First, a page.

24 May 2011

Age of Leisure Ah Yes, The Six Hour Work Week Post 1

Posted by Jody under: Home .

Observe, for a moment, your briefcase.

If you are like many business travelers, you will have it jammed full with the accoutrements of the digital age. Your laptop computer, cell phone, and electronic organizer. You are in touch, in tune, and a true citizen of the wired world.

You are also a great disappointment to the early believers of the computer revolution. You see, you probably work too hard.

How wonderful it was all supposed to be!
In the early fifties, citizens of the world were told of the magic of the forthcoming computer revolution.

Gosh, computers were to be so great that leading futurists of the time literally gushed about the forthcoming “leisure age,” a fascinating new period of time in which people would work no more than 2 hours a day, 3 days a week. Indeed, many people wouldn’t have to work at all – computers would do it on their behalf. We were even told that computer driven robots would vacuum the floors, wash the windows, and clean the toilets.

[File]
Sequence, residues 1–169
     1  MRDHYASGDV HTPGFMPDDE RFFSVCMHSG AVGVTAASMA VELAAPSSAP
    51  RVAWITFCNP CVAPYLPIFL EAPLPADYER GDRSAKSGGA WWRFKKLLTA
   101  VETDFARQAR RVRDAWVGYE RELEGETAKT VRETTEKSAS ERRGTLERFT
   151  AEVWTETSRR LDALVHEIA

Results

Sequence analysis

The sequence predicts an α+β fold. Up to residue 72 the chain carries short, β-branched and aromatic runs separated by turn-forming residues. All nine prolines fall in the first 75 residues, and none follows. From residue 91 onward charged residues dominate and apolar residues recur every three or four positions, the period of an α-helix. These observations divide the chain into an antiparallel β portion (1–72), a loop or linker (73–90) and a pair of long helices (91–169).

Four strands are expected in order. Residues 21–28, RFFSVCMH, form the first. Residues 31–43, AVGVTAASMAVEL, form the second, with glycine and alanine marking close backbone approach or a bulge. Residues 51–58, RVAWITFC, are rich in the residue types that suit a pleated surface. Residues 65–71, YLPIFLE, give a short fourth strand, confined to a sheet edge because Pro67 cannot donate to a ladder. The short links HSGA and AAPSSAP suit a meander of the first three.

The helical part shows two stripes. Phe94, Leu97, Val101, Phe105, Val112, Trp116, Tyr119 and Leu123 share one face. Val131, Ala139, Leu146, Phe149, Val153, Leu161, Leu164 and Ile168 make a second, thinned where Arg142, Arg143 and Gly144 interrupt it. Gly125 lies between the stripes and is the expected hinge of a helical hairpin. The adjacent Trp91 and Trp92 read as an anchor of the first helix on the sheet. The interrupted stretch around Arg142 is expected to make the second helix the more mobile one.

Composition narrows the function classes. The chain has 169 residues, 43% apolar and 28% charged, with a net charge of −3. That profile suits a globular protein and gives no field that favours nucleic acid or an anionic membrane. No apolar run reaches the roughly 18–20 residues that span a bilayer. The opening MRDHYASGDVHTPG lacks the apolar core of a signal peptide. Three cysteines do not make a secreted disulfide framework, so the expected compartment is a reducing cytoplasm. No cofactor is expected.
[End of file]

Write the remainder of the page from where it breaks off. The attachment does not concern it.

We believed, and celebrated our new technology religion by tuning into the Jetsons, a popular cartoon about the modern space age family of the 21st century.

Enter Donald N. Michael, a social psychologist, to burst our bubble. On February 12, 1962, Newsweek picked up his warnings of the dark side of the computer age. Far from seeing any good, he predicted that computers would begin a slow but inevitable takeover of everything that man did, providing for massive unemployment, loss of human values, and deep social unrest. Yes, there would be a leisure age, he said, but it would not be a pleasant one.

He even foresaw that this new era would lead us to significant marital stress. The reason? From his perspective, the man in the family (who, in the politically incorrect 50’s was the breadwinner) would suddenly find himself at home a great deal, a casualty of the leisure age. He would be far too involved in his wife’s space. (Remember, back then, the housewife stayed at home.) Stress and marital breakdown would ensue.

What a time it was! All too soon, the gilded computer age was offering a mixed and confusing message. We weren’t reassured when our first experience with the technology involved the punch card, a piece of cardboard which threatened us: “Do Not Fold, Spindle or Mutilate.”

Secretly, a few of us expressed our distrust of this new era by folding one in half.

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